The story of jazz is the story of people and the cities they live in.
New Orleans contributed most to the beginnings of jazz in the late 1800s and early 1900s, but which city holds the title of “ ” by the 1920s is slightly unclear. Certainly, the contest is between Most Important Jazz City Chicago with its South Side clubs and New York with its Harlem and Times Square clubs. Although Chicago did contribute a lot to the development of jazz in the 1920s, New York helped jazz to mature much more than ever could have. Essentially, both cities were fertile lands for jazz, but Chicago had a richer musical history, a unique socioeconomic situation for the black population, and the attention of the nation and the world – all extra fertilizers for growing jazz. New York
The social landscape of 1920s
New York for blacks offered a distinct opportunity: the Harlem Renaissance, a milieu of new black culture, art, literature, and music, but also representative of a divide between the black upper and lower classes living in Harlem, the largest black population in the nation. In Ted Gioia’s History of Jazz, he points out that “Jazz was very much a part of this second Harlem – more at home here than in the “other” Harlem of high culture and higher aspirations. True, the Harlem Renaissance created an ideology, a cultural context for jazz. But the Harlem of rent parties and underground economies created music (94, emphasis added). It was this cultural context that New York possessed and Chicago lacked – although Chicago’s South Side had a thriving jazz scene, the eyes of the nation and the world were set on . Whether or not the literary elite of Harlem liked it, lower class New York Harlem, including jazz, was a crucial part of their Renaissance.
Before Harlem, the largest black community in
New York was San Juan Hill, and sure enough, the history of jazz is tied to this location as well. This is also something Chicago lacked: an older foundation of black musicians who created this cultural context in early on. As Professor Stewart pointed out in lecture, James P. Johnson and his predecessors had been making music even before New Orleans jazz took hold, developing the famous stride piano style that would be crucial to the growth of jazz when it reached New York (Oct 21). Using the piano, Johnson was able “to bridge [the] gap between highbrow and lowbrow” in black culture, as the piano was both “a calling card of lowbrow nightlife” as well as “a symbol of middle-class prosperity” (Gioia, 95-6). Johnson’s work gave the gift of a new piano style to other New York jazz stars such as Willie “the Lion” Smith, Thomas “Fats” Waller, Art Tatum, and more, making stride piano the true musical landmark of New York jazz. New York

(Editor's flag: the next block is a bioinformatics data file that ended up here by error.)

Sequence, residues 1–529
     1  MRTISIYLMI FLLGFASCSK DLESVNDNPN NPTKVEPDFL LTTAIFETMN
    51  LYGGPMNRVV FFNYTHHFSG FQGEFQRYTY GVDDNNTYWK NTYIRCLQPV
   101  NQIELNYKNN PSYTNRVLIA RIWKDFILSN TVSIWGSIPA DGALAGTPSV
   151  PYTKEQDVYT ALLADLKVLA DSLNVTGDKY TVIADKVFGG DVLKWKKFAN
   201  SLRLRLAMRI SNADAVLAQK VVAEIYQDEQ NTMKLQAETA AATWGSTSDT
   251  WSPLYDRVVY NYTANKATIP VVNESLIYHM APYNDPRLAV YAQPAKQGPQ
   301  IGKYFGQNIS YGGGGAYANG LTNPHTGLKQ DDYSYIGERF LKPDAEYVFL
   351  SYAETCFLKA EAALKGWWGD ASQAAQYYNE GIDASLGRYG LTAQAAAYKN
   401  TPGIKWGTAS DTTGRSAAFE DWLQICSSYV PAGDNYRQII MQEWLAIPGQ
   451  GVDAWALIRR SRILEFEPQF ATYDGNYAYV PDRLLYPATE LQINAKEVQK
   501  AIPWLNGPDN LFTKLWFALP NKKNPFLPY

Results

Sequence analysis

New York being New York, the new jazz styles that grew out of the art being formed in San Juan Hill and Harlem soon became part of the cultural dialogue in the wider urban community. Jazz truly became part of the club scene in Times Square when artists such as Duke Ellington and Fletcher Henderson began to perform there. ’s arranger, Don Redman, essentially gave birth to the modern saxophone there (Discussion, Oct 25), and Paul Whiteman’s Orchestra commercialized jazz for a larger white population (Lecture, Oct 21). The list of famous artists and bands goes on. Henderson